Growing Reader


Poetry Is Actually Kinda Cool:
Great Poetry Books for Reluctant Poetry Readers

by Tom Burns

True confession: I paid an obscene amount of money for a bachelor’s degree in English and yet I never truly appreciated poetry until I had a kid.

Maybe it was caused by tedious weeks spent analyzing T.S. Eliot’s “The Waste Land” in high school Lit classes, or by awkward nights in coffee houses watching college students use free verse as a cringe-worthy alternative to therapy, but in my youth, poetry always felt impenetrable to me. And that can be a pretty common reaction to poetry for parents and children alike.

But once you actually start reading poetry with your kids, you quickly discover how poetry can be an amazing tool for getting your children excited about reading. Poets like Dr. Seuss and Shel Silverstein teach kids that, when assembled correctly, even in ways that don’t seem to make sense, words can make a person feel a ridiculously deep range of emotions, and kids LOVE THAT.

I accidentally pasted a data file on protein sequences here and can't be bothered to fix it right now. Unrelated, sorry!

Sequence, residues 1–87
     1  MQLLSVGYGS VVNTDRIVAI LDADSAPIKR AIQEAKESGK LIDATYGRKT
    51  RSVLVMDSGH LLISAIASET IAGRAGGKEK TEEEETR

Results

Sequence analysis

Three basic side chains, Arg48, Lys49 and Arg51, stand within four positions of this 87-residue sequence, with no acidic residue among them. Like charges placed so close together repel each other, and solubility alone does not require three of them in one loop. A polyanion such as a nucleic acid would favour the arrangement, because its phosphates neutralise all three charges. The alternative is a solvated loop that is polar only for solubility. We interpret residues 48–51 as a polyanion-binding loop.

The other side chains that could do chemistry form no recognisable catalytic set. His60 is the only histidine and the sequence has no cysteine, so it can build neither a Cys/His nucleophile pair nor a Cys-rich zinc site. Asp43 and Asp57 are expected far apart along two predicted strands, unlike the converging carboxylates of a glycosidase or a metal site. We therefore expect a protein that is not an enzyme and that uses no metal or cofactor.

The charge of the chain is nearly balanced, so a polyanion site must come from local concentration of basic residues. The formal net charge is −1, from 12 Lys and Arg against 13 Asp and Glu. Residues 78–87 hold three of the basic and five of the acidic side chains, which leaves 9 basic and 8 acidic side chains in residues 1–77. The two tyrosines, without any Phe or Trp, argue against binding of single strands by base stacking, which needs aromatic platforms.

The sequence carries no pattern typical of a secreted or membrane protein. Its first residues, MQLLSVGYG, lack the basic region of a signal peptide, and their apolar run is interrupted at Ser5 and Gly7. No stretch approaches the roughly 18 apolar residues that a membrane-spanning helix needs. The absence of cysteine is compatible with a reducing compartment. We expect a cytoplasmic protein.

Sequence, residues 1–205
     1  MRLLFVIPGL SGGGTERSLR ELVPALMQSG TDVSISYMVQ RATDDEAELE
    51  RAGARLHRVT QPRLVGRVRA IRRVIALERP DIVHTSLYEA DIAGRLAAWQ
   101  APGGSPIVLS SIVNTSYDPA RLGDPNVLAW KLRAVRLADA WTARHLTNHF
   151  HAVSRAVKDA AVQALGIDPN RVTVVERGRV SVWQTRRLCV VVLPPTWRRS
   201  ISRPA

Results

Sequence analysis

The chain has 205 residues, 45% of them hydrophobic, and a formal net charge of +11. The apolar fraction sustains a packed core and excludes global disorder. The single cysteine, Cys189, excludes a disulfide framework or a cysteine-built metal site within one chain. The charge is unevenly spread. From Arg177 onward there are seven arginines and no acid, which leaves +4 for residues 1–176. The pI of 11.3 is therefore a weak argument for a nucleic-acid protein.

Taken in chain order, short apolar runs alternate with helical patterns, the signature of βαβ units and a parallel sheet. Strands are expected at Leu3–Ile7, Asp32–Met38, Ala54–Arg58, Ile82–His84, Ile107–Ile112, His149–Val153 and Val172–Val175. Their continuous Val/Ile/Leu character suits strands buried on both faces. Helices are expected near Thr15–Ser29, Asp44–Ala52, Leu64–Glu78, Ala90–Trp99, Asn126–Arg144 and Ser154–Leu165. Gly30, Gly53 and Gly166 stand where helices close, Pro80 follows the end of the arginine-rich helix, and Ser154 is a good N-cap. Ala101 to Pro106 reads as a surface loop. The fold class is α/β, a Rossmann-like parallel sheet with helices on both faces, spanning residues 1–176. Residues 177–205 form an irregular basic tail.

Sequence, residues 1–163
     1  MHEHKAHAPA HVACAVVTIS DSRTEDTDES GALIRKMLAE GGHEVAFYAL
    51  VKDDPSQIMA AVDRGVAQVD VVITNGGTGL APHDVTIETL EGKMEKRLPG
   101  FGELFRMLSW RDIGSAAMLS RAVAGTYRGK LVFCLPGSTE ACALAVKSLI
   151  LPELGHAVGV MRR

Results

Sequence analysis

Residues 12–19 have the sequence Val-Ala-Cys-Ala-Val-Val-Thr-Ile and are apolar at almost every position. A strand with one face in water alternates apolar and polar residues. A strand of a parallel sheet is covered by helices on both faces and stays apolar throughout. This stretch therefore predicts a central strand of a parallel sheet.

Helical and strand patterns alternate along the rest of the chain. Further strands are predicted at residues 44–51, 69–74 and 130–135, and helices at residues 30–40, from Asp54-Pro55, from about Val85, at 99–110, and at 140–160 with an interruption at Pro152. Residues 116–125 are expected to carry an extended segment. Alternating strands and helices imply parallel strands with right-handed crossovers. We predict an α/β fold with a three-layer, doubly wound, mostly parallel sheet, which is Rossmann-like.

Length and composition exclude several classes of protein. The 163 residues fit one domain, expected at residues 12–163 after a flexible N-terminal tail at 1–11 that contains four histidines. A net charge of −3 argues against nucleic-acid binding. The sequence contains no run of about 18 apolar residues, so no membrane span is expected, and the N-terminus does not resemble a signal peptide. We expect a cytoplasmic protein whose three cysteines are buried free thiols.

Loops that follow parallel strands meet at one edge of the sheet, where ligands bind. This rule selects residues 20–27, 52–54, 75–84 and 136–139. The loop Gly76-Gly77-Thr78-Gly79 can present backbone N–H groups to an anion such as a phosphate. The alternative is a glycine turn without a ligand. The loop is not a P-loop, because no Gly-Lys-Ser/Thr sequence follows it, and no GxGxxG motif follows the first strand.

If your kid isn’t sure poetry is for them, here are some collections that do a fantastic job of making poetry stop looking academic and start looking very, very cool.


  • dadofdivas

    Where the Sidewalk Ends was always a favorite of mine, but I would also add in Jack Prelusky too!

  • Christine McNamara

    and let’s not forget Frederick, Mouse Poet! (sweet video here:

    • Tom B.

      OMG, I can’t believe I forgot about Frederick. I have never, ever encountered a book (kid, adult, or otherwise) that does a better job of explaining the value of artists in society. Leo Lionni is amazing.

  • Phebe

    I feel compelled to add the classic “Polkabats and Octopus Slacks”, or any of the works of Calef Brown, (full disclosure: he’s my brother) which are full of addictive, catchy, silly poems. He (and his poems and illustrations) are thoughtful and intricate and quirky and beautiful. is a classic, and his most recent title “Hypnotize a Tiger” is for middle grades.